15. Which of the characters are openly critical of Reverend Parris? John Proctor is openly critical of Reverend Parris because of Parris’ greed and because of his continual preaching on nothing but mortgages and hellfire / damnation. Rebecca supports the opinion that Parris doesn’t preach on anything but the negative aspects of religion. Giles Corey agrees that Parris is too greedy.
16. What does Parris accuse Proctor of? What does Thomas Putnam accuse Proctor of? Parris accuses Proctor of organizing a group whose sole purpose is to undermine Parris’ authority and position. Thomas Putnam accuses Proctor of stealing wood off of his (Putnam’s) land.
17. What confession does Mrs. Putnam make to both Reverend Parris and Reverend Hale? Ann Putnam confesses to sending Ruth, her daughter, out into the woods with Tituba, Parris’ slave, to conjure up the spirits of her seven dead babies so they will tell her who’s been murdering them.
18. What special purpose does Giles Corey serve in the play? Giles Corey serves as comic relief in the play.
19. Why does Tituba confess? How does Reverend Hale make her feel important? Who does Tituba say are also witches? Tituba confesses to avoid being executed. Reverend Hale makes her feel important by begin gentle in his questioning of her and by convincing her that she is ‘God’s instrument’ given to them to find out the Devil’s plan for Salem so they can prevent him from gaining a stronghold on the townspeople. Tituba says Sarah Good and Sarah Osburne are witches.
20. How do Abigail and Betty take advantage of what is happening to make sure they will not be blamed for dancing in the forest? Abigail and Betty also name names, to throw suspicion off of themselves. By the time Act One is over, Abigail and Betty have added 9 names to those accused of being witches.
21. Based on what you have learned about Abigail in Act One, whom do you think she might accuse as the play goes on? Cite specific evidence to support your answer. Abigail will most likely name Goody Proctor as a witch. She has already tried to put a curse on her that would kill her; therefore, accusing her of witchery is not a stretch and would help in Abigail’s quest of ridding the town, and John Proctor, of Elizabeth.
22. The mini-essays are not generally included in a stage production of The Crucible. Why do you think Miller included them in his drama? Do you think the play production of The Crucible would be effective without the inclusions of these mini-essays? Why or why not? Miller included the mini-essays in the drama to give background information for us to more fully understand his characters and his thoughts about mass hysteria in general. The play performed without the mini-essays would still be effective because the dialogue and the actions are powerful in and of themselves. However, the audience would not understand the purpose of the play nor the background of some of the players which may leave them feeling a little bewildered or disconnected from the play.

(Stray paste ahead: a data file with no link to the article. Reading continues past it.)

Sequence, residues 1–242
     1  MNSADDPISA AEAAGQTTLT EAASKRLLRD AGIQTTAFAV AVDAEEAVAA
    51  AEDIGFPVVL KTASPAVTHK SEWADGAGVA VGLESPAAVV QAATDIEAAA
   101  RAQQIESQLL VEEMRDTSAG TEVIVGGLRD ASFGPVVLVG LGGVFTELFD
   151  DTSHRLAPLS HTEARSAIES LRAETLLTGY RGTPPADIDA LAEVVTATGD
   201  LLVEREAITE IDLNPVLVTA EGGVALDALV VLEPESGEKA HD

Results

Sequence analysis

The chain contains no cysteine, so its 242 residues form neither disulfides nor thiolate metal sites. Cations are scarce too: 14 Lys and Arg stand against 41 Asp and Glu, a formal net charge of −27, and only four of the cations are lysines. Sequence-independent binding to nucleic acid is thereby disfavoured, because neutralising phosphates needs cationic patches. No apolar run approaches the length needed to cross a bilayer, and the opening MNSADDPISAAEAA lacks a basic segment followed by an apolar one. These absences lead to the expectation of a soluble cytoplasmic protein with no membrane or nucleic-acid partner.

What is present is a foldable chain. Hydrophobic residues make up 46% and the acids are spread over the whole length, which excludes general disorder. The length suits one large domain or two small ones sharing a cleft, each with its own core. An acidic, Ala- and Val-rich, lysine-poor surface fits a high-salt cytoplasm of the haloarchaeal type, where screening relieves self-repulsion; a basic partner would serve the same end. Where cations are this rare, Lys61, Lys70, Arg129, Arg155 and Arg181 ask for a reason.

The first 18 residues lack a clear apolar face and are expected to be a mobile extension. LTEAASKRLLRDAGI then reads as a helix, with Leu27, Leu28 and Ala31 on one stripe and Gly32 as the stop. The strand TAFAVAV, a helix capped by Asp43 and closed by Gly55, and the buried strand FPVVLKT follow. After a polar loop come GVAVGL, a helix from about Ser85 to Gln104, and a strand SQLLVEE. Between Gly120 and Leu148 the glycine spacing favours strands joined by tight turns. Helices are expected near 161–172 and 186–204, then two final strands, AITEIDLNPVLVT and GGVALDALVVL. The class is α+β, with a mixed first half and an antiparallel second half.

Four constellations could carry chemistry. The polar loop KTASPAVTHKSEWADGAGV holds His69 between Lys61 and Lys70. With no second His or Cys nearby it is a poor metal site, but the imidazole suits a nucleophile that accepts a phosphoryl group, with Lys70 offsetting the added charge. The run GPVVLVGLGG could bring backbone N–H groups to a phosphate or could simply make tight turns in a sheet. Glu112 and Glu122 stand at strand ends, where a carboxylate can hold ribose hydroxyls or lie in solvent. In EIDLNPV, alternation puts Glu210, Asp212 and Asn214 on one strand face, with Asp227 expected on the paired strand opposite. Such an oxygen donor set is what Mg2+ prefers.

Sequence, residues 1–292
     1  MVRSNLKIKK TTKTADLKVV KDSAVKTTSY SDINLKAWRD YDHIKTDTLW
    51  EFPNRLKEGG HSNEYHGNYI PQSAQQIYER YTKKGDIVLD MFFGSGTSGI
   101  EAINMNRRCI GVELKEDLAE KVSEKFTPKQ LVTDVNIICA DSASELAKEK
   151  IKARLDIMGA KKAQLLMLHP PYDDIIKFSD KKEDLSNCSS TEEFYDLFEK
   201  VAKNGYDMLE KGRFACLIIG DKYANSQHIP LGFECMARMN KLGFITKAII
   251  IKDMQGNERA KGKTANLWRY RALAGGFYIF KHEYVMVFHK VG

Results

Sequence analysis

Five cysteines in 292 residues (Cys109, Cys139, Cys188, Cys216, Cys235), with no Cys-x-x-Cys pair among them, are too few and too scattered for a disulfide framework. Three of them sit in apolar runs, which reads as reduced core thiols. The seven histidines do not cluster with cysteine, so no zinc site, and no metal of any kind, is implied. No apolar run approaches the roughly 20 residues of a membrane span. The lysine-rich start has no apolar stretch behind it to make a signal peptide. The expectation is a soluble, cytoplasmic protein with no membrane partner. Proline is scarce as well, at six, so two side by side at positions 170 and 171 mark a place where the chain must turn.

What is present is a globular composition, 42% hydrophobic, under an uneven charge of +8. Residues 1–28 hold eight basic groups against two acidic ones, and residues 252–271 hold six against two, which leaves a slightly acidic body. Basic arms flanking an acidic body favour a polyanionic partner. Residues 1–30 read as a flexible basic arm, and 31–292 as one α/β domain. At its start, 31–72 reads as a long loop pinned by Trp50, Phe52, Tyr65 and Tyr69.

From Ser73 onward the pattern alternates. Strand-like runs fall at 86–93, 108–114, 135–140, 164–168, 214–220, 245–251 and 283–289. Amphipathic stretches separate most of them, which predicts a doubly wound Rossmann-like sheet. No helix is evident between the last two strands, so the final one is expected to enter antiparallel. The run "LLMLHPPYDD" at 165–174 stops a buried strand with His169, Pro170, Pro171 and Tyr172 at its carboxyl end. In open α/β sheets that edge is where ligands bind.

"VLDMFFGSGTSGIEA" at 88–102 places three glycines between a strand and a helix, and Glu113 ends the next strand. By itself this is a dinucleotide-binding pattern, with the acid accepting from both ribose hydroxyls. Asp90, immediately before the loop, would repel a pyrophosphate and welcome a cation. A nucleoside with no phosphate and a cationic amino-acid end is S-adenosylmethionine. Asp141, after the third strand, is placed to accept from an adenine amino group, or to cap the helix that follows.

Question 23 is: Miller often foreshadows his characterizations with a descriptive phrase in the stage directions just before a character’s entrance on the stage. What does he suggest about each of the following characters in doing so: Abigail, Ann Putnam, and Mercy Lewis? How do the dialogue and actions of each character in this act bear out Miller’s suggestions?
Question 23’s answer is: Abigail is beautiful and she is aware of her beauty which gives her the confidence to flirt with John Proctor. She is good at dissembling, at hiding the truth to protect herself. Ann Putnam is haunted by the loss of her seven babies; this grief makes her do things that she would not normally do, like send her daughter to conjure spirits. Mercy Lewis is definitely mischievous; after all, she is the one who was running naked through the woods. She is also merciless in her taunts of Mary Warren when Mary Warren is clearly at her wit’s end.
24. One of Miller’s major subjects in the play is the nature of authority. Comment on how Parris, Thomas Putnam, Hale, and Rebecca Nurse are linked with the idea of authority in Act One. At this stage, what seems to be the playwright’s opinion about each of these character’s claims to possessing authority? Parris is the town minister; with this being a theocracy, he is definitely a power player. Miller does not seem to think that his position should be equated with power. Putnam owns a lot of land, which again, during this time period, gave him power. However, you can tell that Miller doesn’t put much stock in land ownership equating power.
Question 24 continued… Reverend Hale is a well-read man. Although there is some arrogance, there is also some thoughtfulness and gentleness shown by Hale. Miller probably regard highly people who were well-read since he himself was a playwright. That is most likely why although there is some haughtiness shown in Hale, he’s not depicted as a total bumbling idiot. Rebecca’s age and upward mobility give her authority, and according to how Miller treats her, some well-deserved respect.
25. How would you describe the atmosphere or mood at the end of this act? What might this atmosphere foreshadow about future events in the town of Salem? There is an air of hysteria present at this point as Abigail and Betty join Tituba in naming names. Also, Putnam calls for the marshal to arrest those named and Hale feverishly joins him in calling for the arrest of Satan’s followers. Things aren’t looking so good for Salem; this hysteria will most likely spiral out of control and innocent people will probably be hurt and worse.